Thoughts from K-12 Director, Jeff Button
It is appropriate that Undaunted Perseverance concludes our foray into the Liberty Classical Academy Body of Values. For without the perseverance to execute the previous six values, all will be in vain. Without perseverance, it will be exceedingly difficult to accomplish anything in the aforementioned traits of Biblical Principles, God, Family, and Country, Loving Relationships, Educational Excellence, Cultural Engagement, and Courageous Leadership. Perseverance allows our students to meet the challenges ahead of them and see each to completion.
Examples of Perseverance
At Liberty, there is no shortage of opportunities to exercise perseverance. The coursework is challenging, and new skills must be learned and applied at each level. We consistently lead students in the attainment and exercise of new skills. It is through the challenge of algebra problems that we truly learn those processes. It is through the difficult drills of a basketball practice that those skills are honed and developed. It is through the speeches and presentations our students give that they become confident, well-spoken leaders. These talents may come naturally to some, but to most they must practice, and practice often. Life itself is a series of challenges to be met with undaunted perseverance.
One tangible example of an exercise in undaunted perseverance is through an assignment that government students must complete in their 11th grade course; the reading and analysis of a “Federalist Paper.” The Federalist Papers were written by Alexander Hamilton, James Madison, and John Jay in the late 1700’s to convince the American colonies to adopt the then new Constitution.
Although written for the commoner to read, (which speaks volumes about the degradation of our own contemporary understanding of the language) they are anything but simple to understand and comprehend. Perhaps a short excerpt from one of these essays will illustrate the point of their difficult language.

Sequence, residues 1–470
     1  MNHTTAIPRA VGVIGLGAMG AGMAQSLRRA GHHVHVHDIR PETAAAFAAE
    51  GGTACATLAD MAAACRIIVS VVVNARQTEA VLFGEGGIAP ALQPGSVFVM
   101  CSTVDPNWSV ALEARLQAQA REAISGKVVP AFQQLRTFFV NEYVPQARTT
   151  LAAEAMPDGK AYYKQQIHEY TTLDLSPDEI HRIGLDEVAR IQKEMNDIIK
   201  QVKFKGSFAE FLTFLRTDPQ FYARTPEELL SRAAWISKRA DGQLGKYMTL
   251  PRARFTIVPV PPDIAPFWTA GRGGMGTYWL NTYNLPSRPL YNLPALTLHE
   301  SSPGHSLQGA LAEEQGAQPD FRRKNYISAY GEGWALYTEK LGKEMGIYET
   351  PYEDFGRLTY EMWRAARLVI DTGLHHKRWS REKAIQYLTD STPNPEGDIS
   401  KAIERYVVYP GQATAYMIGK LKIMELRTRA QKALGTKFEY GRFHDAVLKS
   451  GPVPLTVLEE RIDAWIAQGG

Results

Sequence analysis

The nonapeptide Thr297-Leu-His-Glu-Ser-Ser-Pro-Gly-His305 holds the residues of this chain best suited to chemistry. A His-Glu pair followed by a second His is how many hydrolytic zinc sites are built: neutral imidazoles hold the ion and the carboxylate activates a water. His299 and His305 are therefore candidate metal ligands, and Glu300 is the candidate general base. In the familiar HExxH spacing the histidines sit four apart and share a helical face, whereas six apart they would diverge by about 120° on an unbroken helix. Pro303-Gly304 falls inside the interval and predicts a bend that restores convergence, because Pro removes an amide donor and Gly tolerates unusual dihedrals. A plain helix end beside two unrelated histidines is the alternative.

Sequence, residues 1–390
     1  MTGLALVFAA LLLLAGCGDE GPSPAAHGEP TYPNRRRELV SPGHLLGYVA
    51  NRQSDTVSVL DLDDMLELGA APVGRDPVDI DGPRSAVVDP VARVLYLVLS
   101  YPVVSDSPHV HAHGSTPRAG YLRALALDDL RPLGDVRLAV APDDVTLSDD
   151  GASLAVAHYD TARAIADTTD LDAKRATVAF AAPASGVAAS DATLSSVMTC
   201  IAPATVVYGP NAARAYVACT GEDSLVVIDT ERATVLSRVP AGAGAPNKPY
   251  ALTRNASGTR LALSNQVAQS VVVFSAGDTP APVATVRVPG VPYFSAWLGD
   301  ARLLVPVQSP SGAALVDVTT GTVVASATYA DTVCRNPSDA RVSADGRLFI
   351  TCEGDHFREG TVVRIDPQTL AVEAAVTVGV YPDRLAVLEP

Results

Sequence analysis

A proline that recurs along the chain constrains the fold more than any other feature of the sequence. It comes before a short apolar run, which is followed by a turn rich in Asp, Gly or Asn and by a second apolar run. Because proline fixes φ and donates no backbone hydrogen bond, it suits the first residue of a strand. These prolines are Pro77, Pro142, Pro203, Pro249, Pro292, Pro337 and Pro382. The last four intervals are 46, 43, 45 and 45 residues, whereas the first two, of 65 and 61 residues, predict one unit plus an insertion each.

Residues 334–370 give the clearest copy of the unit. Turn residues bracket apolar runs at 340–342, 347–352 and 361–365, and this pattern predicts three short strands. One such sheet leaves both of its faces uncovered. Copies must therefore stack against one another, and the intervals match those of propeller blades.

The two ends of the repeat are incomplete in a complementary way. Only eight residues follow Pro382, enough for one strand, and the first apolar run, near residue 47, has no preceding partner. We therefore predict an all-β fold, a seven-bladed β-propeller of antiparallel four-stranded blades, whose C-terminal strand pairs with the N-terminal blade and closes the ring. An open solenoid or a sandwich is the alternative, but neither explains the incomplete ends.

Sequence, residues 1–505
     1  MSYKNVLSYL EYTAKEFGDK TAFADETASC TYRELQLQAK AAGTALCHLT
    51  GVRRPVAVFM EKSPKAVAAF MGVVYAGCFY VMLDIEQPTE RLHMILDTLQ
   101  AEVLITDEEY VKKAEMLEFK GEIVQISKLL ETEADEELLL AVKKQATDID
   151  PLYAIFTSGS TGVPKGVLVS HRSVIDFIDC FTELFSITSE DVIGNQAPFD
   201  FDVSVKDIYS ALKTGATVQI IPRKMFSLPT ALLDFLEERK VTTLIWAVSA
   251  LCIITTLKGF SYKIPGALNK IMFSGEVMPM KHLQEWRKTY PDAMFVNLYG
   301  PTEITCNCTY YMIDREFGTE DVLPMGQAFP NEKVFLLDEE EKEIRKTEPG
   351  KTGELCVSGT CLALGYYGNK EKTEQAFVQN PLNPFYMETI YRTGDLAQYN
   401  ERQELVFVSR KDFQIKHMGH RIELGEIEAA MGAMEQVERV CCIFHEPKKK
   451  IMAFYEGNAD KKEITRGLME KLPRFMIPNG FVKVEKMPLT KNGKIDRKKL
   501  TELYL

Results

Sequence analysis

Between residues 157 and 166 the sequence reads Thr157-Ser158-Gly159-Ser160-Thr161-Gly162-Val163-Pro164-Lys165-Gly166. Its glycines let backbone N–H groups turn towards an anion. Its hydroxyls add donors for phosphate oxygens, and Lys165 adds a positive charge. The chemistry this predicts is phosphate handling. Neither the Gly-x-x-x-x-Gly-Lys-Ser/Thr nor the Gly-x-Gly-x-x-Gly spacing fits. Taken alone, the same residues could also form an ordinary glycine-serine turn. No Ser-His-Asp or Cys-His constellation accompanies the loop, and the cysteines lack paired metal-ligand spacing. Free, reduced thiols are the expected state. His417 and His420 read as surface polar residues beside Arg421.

The right of coining money, which is here taken from the States, was left in their hands by the Confederation, as a concurrent right with that of Congress, under an exception in favor of the exclusive right of Congress to regulate the alloy and value. In this instance, also, the new provision is an improvement on the old. Whilst the alloy and value depended on the general authority, a right of coinage in the particular States could have no other effect than to multiply expensive mints and diversify the forms and weights of the circulating pieces. – Federalist No. 44, James Madison.
As one can tell, this certainly is not a text to be read quickly or without a serious focus. Juniors at Liberty are required to read, annotate, analyze, and create original thought from a careful study of one of these essays, there are 85 in total. One particular student this year, showed tremendous amounts of undaunted perseverance. English is not her native language and certainly early 18th c. English does not come easily to her. Nevertheless, she pushed through the assignment, making careful notes and looking up words she didn’t know and asking for help in the phrasing she didn’t understand. This student met the challenge of a very difficult text in a language not her own and did very well on the assignment also. She displayed not only perseverance, but undaunted perseverance in taking this task head on without complaining or grumbling.
Concluding Our Body of Values
It is fitting that Undaunted Perseverance is seventh in Liberty’s seven Body of Values. Just as Biblical Principles (the first value), are over all Liberty’s values, Undaunted Perseverance remains under each in the collection. From classroom trials ranging from difficult texts, memorization challenges, and public speaking opportunities, to a variety of athletic competitions, musical ventures, and leadership trials, Liberty students are trained and equipped in Undaunted Perseverance, an essential trait needed for the difficult challenges of life today and the world of tomorrow.